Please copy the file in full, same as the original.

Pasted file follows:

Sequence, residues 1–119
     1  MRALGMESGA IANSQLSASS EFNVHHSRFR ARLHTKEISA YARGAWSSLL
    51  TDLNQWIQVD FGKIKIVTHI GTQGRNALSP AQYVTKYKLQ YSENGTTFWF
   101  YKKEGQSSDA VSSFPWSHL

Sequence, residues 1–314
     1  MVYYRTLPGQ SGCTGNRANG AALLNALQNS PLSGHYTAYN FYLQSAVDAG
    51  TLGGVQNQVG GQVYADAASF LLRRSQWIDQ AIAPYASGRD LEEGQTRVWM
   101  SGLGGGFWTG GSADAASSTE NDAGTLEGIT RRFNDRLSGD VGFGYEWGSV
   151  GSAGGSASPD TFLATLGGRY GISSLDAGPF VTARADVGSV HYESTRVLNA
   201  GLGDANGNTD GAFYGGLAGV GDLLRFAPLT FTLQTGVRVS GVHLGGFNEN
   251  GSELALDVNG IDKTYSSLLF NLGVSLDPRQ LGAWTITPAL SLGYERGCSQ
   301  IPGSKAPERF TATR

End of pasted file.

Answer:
Sequence, residues 1–119
     1  MRALGMESGA IANSQLSASS EFNVHHSRFR ARLHTKEISA YARGAWSSLL
    51  TDLNQWIQVD FGKIKIVTHI GTQGRNALSP AQYVTKYKLQ YSENGTTFWF
   101  YKKEGQSSDA VSSFPWSHL

Sequence, residues 1–314
     1  MVYYRTLPGQ SGCTGNRANG AALLNALQNS PLSGHYTAYN FYLQSAVDAG
    51  TLGGVQNQVG GQVYADAASF LLRRSQWIDQ AIAPYASGRD LEEGQTRVWM
   101  SGLGGGFWTG GSADAASSTE NDAGTLEGIT RRFNDRLSGD VGFGYEWGSV
   151  GSAGGSASPD TFLATLGGRY GISSLDAGPF VTARADVGSV HYESTRVLNA
   201  GLGDANGNTD GAFYGGLAGV GDLLRFAPLT FTLQTGVRVS GVHLGGFNEN
   251  GSELALDVNG IDKTYSSLLF NLGVSLDPRQ LGAWTITPAL SLGYERGCSQ
   301  IPGSKAPERF TATR